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April 15, 2003

"performance sneakers" and the sub-viral revolution

We're all over viral marketing. So now there's "sub-viral marketing." Companies take an ad concept that is on-brand but off-color and leak it out anonymously onto the Web. The rougher the take, the bigger the hit. This practice evolved from the DIY hacks of ubiquitous campaigns like Mastercard's "priceless." Yeah, we've all seen those spoofs of someone's party pic with a rude caption.

Where these two trends collide, there is a lot of room for companies to make a big splash for cheap and still defend the chastity of their brands-- "Why, we'd never do that-- shame on you for thinking we would!" The latest, and possibly greatest Brand That Doth Protest Too Much is Puma.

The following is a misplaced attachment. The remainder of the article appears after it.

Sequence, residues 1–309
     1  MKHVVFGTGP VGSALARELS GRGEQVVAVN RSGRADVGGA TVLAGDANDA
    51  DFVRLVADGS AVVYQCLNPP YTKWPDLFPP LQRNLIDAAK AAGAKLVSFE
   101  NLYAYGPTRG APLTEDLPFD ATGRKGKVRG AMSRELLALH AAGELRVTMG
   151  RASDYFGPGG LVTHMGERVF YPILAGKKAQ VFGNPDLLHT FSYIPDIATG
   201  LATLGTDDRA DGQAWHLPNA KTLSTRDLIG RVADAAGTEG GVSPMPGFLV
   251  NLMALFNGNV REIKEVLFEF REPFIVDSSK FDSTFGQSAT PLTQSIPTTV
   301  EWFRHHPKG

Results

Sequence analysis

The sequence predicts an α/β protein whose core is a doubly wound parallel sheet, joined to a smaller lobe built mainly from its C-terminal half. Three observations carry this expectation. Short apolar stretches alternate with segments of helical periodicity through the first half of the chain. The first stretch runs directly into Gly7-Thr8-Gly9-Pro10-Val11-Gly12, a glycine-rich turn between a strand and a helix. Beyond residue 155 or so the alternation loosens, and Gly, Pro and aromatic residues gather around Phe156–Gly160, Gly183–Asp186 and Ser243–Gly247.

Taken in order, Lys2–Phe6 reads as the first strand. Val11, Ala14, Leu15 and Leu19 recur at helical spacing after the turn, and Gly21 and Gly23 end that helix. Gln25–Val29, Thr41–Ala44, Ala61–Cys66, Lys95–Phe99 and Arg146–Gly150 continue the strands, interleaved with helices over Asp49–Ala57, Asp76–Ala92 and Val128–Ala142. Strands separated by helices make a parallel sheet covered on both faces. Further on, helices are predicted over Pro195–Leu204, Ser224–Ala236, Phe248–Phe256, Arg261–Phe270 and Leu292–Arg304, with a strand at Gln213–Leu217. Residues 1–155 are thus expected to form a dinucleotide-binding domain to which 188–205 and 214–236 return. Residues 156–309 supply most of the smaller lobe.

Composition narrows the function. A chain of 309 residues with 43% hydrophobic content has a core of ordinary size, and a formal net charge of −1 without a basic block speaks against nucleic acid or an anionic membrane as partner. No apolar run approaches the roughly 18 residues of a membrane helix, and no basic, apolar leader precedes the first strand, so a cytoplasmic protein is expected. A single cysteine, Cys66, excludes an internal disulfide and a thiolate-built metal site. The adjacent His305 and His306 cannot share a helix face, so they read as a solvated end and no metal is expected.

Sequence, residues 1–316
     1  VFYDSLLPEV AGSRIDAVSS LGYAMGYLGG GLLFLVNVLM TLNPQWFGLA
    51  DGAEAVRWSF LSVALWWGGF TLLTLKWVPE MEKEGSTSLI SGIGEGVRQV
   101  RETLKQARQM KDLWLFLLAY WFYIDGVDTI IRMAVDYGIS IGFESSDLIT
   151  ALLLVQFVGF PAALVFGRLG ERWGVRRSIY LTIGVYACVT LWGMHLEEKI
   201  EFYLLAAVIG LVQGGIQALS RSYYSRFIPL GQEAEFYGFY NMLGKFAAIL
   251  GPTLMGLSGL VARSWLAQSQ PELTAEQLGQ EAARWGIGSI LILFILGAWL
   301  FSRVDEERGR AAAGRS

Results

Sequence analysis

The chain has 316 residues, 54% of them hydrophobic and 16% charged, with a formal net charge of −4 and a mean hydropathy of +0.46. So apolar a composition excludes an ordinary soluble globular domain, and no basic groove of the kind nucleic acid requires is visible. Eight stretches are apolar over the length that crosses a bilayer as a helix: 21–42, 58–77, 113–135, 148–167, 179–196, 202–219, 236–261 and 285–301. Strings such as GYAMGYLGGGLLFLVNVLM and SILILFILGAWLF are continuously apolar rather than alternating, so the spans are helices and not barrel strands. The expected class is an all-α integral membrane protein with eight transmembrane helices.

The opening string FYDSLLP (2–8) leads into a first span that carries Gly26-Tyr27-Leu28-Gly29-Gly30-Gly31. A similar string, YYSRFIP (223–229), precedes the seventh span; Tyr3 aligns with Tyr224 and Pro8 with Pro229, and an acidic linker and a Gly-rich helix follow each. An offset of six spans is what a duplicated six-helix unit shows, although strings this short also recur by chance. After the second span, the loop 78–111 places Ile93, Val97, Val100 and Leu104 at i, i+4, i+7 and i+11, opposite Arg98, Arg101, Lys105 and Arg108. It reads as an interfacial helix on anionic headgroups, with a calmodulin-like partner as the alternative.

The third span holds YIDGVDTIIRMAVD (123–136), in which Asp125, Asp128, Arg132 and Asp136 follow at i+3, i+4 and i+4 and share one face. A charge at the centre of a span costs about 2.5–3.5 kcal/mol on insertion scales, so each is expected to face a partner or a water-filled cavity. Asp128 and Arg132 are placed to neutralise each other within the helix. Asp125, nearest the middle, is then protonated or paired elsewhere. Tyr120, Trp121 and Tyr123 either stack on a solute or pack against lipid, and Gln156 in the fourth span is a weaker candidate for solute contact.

To wit, Rob Walker's SlateAd Report Card on a naughty JPEG that looks awfully well-produced. You can (at the moment) see the ads here, but Puma's lawyers have been sending cease-and-desist letters to bloggers the world round--and funny enough, that means that everybody knows about it now.

The Guardian had this great piece last year on the "sub-viral" phenom; a UK "viral site" features this much more graphic "Levis" add that gives new meaning to "do-it-yourself"--and much, more more content of suspicious provenance.

This is one of the most interesting areas of mutant marketing, and it just goes to show how right Foucault was: the author is dead. But we've all downloaded his latest Photoshop text.

Posted by jay at April 15, 2003 03:07 PM | TrackBack
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